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Subject: Re: [boost] Non-allocating future-promise
From: Niall Douglas (s_sourceforge_at_[hidden])
Date: 2014-10-21 05:29:50

On 21 Oct 2014 at 18:57, Gavin Lambert wrote:

> > However, sometimes you will always do:
> >
> > promise<int> &p;
> > auto f=p.get_future().then([]); // always continue
> >
> > There a memory allocation and std::function wrap is totally
> > unnecessary because the compiler has sufficient information to
> > construct f statically, except that the present design in N4123
> > requires it.
> >
> > This is what I mean by static continuations - ones which always
> > happen unconditionally.
> I don't think code like the above would actually occur in the wild. (Or
> at least if it did, I would regard it as a bug until proven otherwise.)

If you think of heterogeneous sequence libraries such as proposed
Boost.Hana or proposed Boost.Expected then static continuations are
the norm, not the exception. Moreover, you aren't supposed to know or
care what those are given they have unknown type (especially with C++
14 lambdas which have templated call operators too).

Where I had previously gone wrong was that I was thinking of futures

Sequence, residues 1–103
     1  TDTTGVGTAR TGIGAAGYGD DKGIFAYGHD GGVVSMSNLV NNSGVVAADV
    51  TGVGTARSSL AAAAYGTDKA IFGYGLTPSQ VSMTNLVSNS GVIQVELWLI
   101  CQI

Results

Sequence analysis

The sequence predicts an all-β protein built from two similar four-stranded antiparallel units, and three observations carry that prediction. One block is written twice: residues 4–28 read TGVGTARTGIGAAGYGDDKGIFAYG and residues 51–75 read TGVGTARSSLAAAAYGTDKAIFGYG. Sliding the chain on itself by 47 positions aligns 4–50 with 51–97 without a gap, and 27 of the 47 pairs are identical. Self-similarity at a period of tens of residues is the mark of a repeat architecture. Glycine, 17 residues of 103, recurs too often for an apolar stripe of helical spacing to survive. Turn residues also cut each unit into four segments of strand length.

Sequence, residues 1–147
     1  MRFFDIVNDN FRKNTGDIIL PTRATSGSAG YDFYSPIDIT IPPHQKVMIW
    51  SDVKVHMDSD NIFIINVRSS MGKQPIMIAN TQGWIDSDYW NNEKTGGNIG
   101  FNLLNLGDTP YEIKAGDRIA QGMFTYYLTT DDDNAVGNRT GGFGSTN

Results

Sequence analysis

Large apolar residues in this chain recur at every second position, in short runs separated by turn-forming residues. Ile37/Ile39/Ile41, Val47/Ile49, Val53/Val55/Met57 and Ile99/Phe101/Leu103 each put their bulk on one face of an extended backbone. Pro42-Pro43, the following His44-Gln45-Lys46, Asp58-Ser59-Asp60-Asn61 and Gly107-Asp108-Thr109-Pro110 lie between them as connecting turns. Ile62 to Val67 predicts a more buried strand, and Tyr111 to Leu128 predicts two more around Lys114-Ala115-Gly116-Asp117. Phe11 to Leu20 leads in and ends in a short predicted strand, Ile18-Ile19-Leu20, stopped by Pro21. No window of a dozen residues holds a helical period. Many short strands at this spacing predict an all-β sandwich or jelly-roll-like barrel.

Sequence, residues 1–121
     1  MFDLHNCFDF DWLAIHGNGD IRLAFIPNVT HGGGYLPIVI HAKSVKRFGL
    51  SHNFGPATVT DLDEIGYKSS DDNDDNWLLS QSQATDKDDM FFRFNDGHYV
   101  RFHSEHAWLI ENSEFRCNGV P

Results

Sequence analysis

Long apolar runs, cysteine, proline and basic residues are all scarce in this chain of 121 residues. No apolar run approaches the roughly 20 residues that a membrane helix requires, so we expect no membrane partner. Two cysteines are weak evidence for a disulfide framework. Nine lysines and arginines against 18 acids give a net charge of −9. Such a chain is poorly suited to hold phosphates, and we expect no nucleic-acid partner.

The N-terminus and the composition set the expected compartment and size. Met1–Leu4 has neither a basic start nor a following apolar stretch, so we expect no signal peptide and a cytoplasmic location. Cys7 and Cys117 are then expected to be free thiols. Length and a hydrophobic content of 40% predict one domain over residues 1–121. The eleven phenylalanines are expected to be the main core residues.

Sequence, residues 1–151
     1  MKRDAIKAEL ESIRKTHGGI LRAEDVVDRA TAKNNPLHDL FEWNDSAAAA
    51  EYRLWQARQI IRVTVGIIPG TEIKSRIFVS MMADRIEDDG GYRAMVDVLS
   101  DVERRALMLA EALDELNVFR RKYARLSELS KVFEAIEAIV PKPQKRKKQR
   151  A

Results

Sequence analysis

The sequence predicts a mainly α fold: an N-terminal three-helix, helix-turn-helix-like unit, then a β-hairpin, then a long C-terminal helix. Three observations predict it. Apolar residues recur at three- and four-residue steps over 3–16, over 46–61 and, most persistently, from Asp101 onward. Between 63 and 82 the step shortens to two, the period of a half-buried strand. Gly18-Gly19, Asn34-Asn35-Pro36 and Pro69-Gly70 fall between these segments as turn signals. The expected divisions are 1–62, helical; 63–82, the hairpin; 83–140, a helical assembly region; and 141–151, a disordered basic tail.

as taking concrete known types. This was a mistake. They should also
be able to take *unknown* types. Then they can transport
heterogeneous sequences across threads too e.g. a tuple of lambda

> There should be no reason to attach a continuation to the future in code
> that still has the promise in scope -- it can simply execute that code
> directly itself before setting the promise's value.
> In "normal" code, the future is returned from a method to outside code
> that has no access to the promise, and it is that outside code that
> attaches continuations. I don't think that the optimisation you refer
> to applies in that case.

I am preparing a suite of *primitives* with which one can implement
conventional future promise, but also any other kind of future-ish
promise-ish object. Libraries are expected to roll their own custom
futures, and when_all()/when_any() will still understand and cope
with heterogeneous future implementation inputs.


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